Slack CLI Deployment using GitHub Actions

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This tutorial demonstrates how to use CI/CD to facilitate automatic deployments when code changes are pushed to GitHub.

Before we begin, you'll need to do the following:

  • Create a new GitHub repository β€” any name will do.
  • Install the Slack CLI on your machine.
  • Authorize the Slack CLI to your workspace.

Once those steps have been completed, we're ready to move on to building our automated deployment app.

Create a new app

Run slack create to create a new Slack app project. Select a template to build from; in this case, hit Enter to choose the default Issue submission template.

Refer to Create or remove an app for more details.

Initial deploy

Run slack deploy to manually deploy the new app to your workspace for the first time. During the process, you'll be prompted to create a link trigger. Refer to Link triggers for more details.

Once created, copy the link and share it in a Slack channel. You'll see a button appear to start the workflow; click it to verify that the default workflow is functioning properly.

Obtain a service token

To automate subsquent deployments, we'll need to obtain a service token for the app.

Navigate to the root directory of your project and run the slack auth token command. You'll be prompted to run a slash command called slackauthticket, similar to the way you authorized your app earlier. Copy that command and run it in Slack, then copy the challenge code you receive and enter it into your terminal. You'll see a service token that starts with xoxp- β€” make sure you save this token. Note that this token is connected to a specific workspace and organization.

Add your service token to GitHub as a secret

In your GitHub repository, navigate to Settings > Secrets and variables > Actions and click New repository secret to add a new secret as follows:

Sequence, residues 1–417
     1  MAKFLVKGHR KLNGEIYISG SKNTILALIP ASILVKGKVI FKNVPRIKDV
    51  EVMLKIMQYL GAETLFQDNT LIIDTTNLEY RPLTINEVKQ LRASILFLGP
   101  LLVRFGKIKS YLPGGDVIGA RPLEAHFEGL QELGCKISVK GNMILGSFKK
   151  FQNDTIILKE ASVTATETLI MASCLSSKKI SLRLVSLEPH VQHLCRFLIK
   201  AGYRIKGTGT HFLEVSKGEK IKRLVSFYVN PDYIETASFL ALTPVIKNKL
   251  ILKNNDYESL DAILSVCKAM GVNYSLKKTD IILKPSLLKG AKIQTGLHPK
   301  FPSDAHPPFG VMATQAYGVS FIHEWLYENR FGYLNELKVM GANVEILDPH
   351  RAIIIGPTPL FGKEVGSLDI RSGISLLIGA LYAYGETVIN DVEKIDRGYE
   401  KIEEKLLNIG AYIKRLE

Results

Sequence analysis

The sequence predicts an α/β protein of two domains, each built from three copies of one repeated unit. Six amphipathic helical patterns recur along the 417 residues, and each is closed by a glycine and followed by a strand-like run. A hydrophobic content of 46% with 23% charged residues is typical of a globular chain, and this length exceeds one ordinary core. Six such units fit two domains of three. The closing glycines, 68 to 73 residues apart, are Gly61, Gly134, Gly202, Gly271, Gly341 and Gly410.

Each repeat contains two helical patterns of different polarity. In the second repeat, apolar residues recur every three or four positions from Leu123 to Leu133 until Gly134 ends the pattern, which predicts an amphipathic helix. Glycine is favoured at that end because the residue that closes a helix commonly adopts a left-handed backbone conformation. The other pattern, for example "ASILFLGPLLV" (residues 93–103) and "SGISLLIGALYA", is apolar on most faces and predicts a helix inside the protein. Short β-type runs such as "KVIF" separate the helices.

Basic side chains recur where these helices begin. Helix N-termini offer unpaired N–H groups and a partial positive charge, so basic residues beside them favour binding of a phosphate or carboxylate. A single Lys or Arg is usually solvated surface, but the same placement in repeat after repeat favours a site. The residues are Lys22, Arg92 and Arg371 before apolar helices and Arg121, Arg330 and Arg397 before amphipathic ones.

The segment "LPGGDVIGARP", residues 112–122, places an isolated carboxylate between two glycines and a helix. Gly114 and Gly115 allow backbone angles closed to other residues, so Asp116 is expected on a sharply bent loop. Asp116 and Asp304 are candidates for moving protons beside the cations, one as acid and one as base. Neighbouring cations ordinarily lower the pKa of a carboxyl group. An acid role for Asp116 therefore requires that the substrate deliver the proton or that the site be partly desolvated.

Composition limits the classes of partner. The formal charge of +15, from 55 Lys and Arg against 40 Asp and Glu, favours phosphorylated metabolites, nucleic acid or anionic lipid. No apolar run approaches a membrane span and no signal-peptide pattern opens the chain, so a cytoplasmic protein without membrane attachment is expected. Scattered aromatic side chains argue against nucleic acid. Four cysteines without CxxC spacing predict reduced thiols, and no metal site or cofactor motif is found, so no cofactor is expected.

• Name: SLACK_SERVICE_TOKEN
  • Secret: <the xoxp- prefixed service token obtained above>

Be sure to save your changes!

Add a new deployment file with your GitHub actions workflow

Create a folder called .github/workflows/ and add a new file called deployment.yml with the following content:

name: Slack App Deployment

on:
  push:
    branches: [ main ]

jobs:
  build:
    runs-on: ubuntu-latest
    timeout-minutes: 5

    steps:
    - uses: actions/checkout@v4
    - name: Install Deno runtime
      uses: denoland/setup-deno@v1
      with:
        deno-version: v1.x

    - name: Install Slack CLI
      if: steps.cache-slack.outputs.cache-hit != 'true'
      run: |
        curl -fsSL https://downloads.slack-edge.com/slack-cli/install.sh | bash

    - name: Deploy the app
      env:
        SLACK_SERVICE_TOKEN: ${{ secrets.SLACK_SERVICE_TOKEN }}
      run: |
        cd gh-actions-demo/
        slack deploy -s --token $SLACK_SERVICE_TOKEN

This file instructs the Slack CLI to deploy the latest revision of your repository to the Slack platform when any changes are pushed to the main branch.

You can go with any other Linux option you prefer for the GitHub-hosted runner; refer to About GitHub-hosted runners for more details.

Test it out

To test it out, make a PR and push some changes to the main branch. If the GitHub Actions job successfully completes, your app should now be available in your workspace.

Your GitHub repository is now set up for team collaboration! Your team members can review code changes by submitting PRs, and once these are merged into the main branch, the changes will be deployed automatically. Should you need to reverse a deployment automatically, you can create a reverting PR and quickly merge that.

Further reading

Check out these articles to expand your knowledge and skills of automated deployments and the Slack CLI:

➑️ CI/CD overview and setup

➑️ CI/CD authorization


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